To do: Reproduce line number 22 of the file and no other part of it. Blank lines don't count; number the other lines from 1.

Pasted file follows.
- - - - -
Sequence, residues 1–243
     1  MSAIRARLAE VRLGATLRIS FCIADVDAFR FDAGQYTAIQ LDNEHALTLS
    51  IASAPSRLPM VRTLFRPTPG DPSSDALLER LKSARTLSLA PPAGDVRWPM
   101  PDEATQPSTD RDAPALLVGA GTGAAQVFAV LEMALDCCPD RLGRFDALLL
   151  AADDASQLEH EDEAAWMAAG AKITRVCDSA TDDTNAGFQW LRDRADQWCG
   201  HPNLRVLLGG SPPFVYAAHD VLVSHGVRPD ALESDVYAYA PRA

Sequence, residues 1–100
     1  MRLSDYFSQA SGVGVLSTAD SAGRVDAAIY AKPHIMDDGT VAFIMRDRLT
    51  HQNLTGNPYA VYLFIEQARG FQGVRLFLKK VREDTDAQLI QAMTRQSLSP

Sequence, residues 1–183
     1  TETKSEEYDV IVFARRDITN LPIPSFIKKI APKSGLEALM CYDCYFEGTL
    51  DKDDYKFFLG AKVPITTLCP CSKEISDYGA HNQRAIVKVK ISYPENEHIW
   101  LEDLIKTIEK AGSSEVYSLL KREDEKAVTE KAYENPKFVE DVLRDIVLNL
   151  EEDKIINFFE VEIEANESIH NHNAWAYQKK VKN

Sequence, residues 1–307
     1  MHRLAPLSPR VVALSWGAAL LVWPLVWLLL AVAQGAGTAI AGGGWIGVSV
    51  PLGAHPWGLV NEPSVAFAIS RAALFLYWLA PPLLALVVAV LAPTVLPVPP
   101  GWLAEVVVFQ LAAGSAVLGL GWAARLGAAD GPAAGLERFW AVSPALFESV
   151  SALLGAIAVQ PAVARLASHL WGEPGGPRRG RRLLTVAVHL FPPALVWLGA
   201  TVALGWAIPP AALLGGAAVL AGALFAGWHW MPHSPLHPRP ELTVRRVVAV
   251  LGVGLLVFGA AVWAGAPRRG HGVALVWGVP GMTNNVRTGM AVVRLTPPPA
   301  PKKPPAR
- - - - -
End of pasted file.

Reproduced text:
   301  PKKPPAR